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18-Year-Old Claims World Powerlifting Title After Training Around Studies

Being an 18-year-old is hard enough. Juggling schoolwork, social life, exams and maybe even a part-time job. But 18-year-old Laoise Quinn does all of that while competing for global powerlifting titles. And last week, Laoise was crowned world champion when she took gold in the 57kg Sub-Junior division at the International Powerlifting Federation World Championships 2021. 

To celebrate her win, we sat down with Laoise to find out how she balances it all and what it felt like to become a world champion.

“Just put something on the bar”

The comp is made up of three lifts: Squat, bench and deadlift. And Laoise surprised even herself when she squatted 147.5kg  the lift she was most anxious of.

I was so nervous coming into squats I couldn’t eat or anything and I said to the coaches in the warmup room ‘you just put something on the bar and if I can do it great, if I can’t then that’s just too bad.’” 

The two remaining lifts were the bench press and the deadlift. Laoise ended up pressing 77.7kg and got 155kg off the ground in her deadlift. But before Laoise even started her deadlift, she knew she’d won it. 

“I was delighted that squats were done and I was so happy with how they went, I wasn’t expecting that I could’ve done that. So then I was onto bench, and I think it was after bench I just looked at my coach, who’s also my boyfriend, and I said ‘do we have it?’ and he said ‘oh, we have it!’.” 

“Difficult but manageable.”

So, how did Laoise do all of that whilst being a full-time student? She told us a few tips and tricks she’s learnt to manage it all.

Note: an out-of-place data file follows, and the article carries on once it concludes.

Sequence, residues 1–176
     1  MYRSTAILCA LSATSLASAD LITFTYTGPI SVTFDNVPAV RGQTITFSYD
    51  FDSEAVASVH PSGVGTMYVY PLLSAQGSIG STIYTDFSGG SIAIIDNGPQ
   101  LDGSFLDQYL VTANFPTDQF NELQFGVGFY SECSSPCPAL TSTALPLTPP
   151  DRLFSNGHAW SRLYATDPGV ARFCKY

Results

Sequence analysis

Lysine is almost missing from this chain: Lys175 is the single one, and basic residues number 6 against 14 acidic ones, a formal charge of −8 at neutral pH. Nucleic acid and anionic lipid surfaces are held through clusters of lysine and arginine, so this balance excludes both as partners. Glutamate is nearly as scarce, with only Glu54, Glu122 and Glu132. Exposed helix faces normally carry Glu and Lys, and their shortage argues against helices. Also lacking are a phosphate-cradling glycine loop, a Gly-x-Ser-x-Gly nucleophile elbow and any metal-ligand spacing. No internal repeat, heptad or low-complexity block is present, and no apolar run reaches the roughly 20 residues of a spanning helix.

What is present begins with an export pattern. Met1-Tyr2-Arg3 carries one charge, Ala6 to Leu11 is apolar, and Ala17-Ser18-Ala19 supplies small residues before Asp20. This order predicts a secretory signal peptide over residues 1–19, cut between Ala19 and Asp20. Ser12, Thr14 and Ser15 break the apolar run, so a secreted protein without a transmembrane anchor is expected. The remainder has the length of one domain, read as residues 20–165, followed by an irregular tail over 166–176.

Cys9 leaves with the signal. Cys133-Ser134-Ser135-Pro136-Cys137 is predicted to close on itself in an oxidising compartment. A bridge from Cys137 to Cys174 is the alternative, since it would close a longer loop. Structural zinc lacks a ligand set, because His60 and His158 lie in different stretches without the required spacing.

“Balancing school and training is manageable. Difficult but manageable. I finish school every day around 4 and study until 7pm and then train. My advice is getting stuck into your homework/ study straight after school, and go to train when everything is finished. That way you can enjoy training without the fact you still have homework left hanging over you.” 

“I always want to be able to get on a platform with no regrets.”

Chasing World Champion status comes with some sacrifice when it comes to socialising, but Laoise is happy to miss a few nights out if it means conquering the powerlifting world. 

“I don’t go out much, & when I’m around eight weeks out from a competition, that’s when I go all in, every meal is tracked and I don’t drink alcohol or stay out super late because it messes with my sleep. I always want to be able to get on a platform with no regrets.” 

And it’s not without help from the friends… 

“My friends are really understanding about not going out, and I’m lucky to have met friends through powerlifting too who have comps coming up so we socialise in a way that aligns with our goals outside the gym.” 

“A long off-season, then build back up to the next Worlds”

When we asked Laoise what was next, it sounded like she had a clear plan of action in place… 

“I’m aiming towards Euros in December and then after that it’ll be open nationals in February and then I think I’ll take a long off season then and build back up to the next worlds.” 

Take home message

We’re waiting in anticipation to see Laoise win her next gold, and we’ll be backing her all the way with protein shakes and Layered Bars at the ready…

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Monica Green

Monica Green

Writer and expert

Originally from South London, Monica graduated from the University of Leeds with a degree in Philosophy. After discovering a love for the gym whilst studying, Monica was drawn to weight training which helped her hugely through stressful times as a student. From writing for a popular student site, Monica developed her skills as an author, writing trending feature pieces regularly. She is thrilled to be able to combine her love for writing with her passion for the gym. In her spare time Monica loves to cook, try out new restaurants with friends and explore new walking trails.

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